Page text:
Sometimes our kids will say something that stops us, shakes us. Sometimes they have true insight in those developing brains of theirs, and all we have to do is pay attention.
Let me back up.
Before my son rocked my world with a single sentence, I should say that sometimes I feel like I’m fumbling around, clumsily making my way through this new stage of parenting. Do you feel that way too? I felt pretty solid in the baby stage — nurturing and loving and smothering is my thing. When I heard that it’s impossible to spoil an infant with too much love, I was like SKY’S THE LIMIT. Bring it on! But as soon as the disciplining and actual “parenting” came into the mix, I started questioning myself. How can I teach a kid emotional awareness when I’m only starting to understand it myself? How do I not let my life-long co-dependent tendencies — my difficulty in saying “no” to people, my boundary issues — not turn me into a permissive parent?
I was determined to not be a permissive parent (which, I admit, might be my default setting). But perhaps I swung the pendulum too far in the opposite direction.
I don’t think anyone would classify me as a “controlling” parent. Not the woman who writes essays about wanting her son to fail, and the struggle in watching her son grow up without jumping in and intervening. I allow and encourage him to express and understand the emotions surging through his body. I try, I really do.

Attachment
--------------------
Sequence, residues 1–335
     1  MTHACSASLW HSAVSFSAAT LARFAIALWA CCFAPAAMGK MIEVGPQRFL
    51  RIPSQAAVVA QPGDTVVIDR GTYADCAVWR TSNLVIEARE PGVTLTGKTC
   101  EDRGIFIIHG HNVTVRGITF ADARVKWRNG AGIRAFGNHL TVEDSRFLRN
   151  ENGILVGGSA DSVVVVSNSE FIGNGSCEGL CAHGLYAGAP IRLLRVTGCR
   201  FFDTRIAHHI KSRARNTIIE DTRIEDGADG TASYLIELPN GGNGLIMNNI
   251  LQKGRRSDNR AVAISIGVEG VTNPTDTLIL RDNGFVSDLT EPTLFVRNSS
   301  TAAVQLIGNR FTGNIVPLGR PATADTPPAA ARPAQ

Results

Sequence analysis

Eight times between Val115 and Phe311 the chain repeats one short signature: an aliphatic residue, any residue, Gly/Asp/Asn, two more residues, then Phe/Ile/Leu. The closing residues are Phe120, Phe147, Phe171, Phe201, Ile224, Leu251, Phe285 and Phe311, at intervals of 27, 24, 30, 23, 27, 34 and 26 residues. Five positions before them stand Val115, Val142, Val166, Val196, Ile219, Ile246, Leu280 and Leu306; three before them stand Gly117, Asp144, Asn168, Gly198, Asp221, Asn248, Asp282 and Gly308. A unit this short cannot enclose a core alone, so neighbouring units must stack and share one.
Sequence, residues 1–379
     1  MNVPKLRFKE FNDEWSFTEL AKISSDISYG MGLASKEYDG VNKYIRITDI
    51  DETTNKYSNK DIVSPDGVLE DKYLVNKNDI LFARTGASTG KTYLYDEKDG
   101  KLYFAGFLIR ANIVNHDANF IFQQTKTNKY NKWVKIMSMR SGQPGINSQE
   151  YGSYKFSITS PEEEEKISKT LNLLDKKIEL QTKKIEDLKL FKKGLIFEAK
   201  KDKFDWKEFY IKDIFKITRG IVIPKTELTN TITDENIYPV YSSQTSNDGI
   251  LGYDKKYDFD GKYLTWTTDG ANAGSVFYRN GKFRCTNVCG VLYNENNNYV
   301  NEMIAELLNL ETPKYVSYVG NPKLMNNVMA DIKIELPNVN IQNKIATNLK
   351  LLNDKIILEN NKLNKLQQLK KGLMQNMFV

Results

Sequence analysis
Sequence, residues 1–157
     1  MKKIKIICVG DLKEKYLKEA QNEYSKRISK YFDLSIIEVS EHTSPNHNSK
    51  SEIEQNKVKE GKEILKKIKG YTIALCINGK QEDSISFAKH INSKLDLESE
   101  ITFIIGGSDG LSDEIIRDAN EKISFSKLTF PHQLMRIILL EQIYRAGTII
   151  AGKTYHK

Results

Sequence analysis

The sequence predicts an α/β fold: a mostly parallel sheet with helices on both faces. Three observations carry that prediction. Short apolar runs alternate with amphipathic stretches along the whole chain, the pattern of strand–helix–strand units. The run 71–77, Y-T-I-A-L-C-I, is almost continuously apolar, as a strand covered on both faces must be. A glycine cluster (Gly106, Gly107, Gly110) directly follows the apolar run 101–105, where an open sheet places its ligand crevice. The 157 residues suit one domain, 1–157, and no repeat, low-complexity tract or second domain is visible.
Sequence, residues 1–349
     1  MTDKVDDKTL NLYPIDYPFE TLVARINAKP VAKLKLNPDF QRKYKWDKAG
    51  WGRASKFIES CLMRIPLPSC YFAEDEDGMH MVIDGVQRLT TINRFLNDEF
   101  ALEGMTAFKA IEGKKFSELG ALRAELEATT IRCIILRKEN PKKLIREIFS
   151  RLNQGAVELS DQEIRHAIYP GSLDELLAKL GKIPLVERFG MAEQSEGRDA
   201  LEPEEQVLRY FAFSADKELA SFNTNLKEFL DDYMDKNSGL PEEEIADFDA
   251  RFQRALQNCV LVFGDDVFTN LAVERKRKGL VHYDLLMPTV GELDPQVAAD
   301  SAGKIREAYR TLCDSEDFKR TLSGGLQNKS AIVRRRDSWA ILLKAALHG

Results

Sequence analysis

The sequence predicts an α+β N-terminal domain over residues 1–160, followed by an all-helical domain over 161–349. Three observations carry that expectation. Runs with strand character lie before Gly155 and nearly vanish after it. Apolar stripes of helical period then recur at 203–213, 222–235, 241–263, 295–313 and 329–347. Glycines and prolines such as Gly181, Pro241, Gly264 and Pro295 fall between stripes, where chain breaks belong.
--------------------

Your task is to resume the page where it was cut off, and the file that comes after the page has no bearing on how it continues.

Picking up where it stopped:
So maybe I wasn’t “controlling,” but “bossy” is a close cousin, and perhaps a more accurate representation. My 5-year-old boy calmly confirmed this when these heavy words spilled out of his tiny mouth:
“Your job is to teach me, not to boss me around.”
You know how sometimes someone will say something, and it’s like everything comes into focus? Suddenly I saw how my son’s bossy tendencies with friends and life so accurately mirrored my own mannerisms. (Say all you want about the “Ban Bossy” campaign, but my son is living proof that boys can certainly be bossy; and if you ask me, “bossy” isn’t a great leadership quality. Bossy is not the same as BOSS.) He’s already had a couple of friends point out his bossiness in frustration, and holy guacamole, that’s a reflection of me. I suddenly saw my domineering tone, my commands and demands. I saw that my little boy was right; my job is to teach him, not to boss him around.
And so I agreed with him. I told him that I’d work on the way I talked to him. I apologized for being bossy because no person — no matter the size — likes to be bossed around.
What I didn’t tell him is that, while it’s certainly my job to teach him, sometimes our kids have something to teach as well. Maybe some kids respond best to a harsh tone and the Laying Down of Laws, but my son repeatedly communicated that this was not the way that worked for him. He said it through his reactions, through his behavior, and finally through his words.
All I had to do was listen.
So much of parenting, of life, is finding a shaky balance: To be in control without being controlling, to be the boss without being bossy, to be loving and empathetic without being permissive.
It’s not easy.
But sometimes our kids can guide the way — perhaps in a more subtle way than my son did, but I’m grateful for the reminder, for the mantra, that pops into my head on a daily basis:
My job is to teach him, not to boss him around.
And in order to teach him, I have to understand how he learns best. I need to listen and make conscious choices about my tone and words.
I can’t be too proud to learn a thing or two from him, as well.